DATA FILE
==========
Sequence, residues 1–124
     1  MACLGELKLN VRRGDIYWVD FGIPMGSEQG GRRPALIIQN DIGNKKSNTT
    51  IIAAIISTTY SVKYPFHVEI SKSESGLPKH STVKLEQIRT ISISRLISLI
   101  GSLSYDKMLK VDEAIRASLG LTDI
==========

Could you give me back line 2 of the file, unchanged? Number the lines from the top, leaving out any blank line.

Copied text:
     1  MACLGELKLN VRRGDIYWVD FGIPMGSEQG GRRPALIIQN DIGNKKSNTT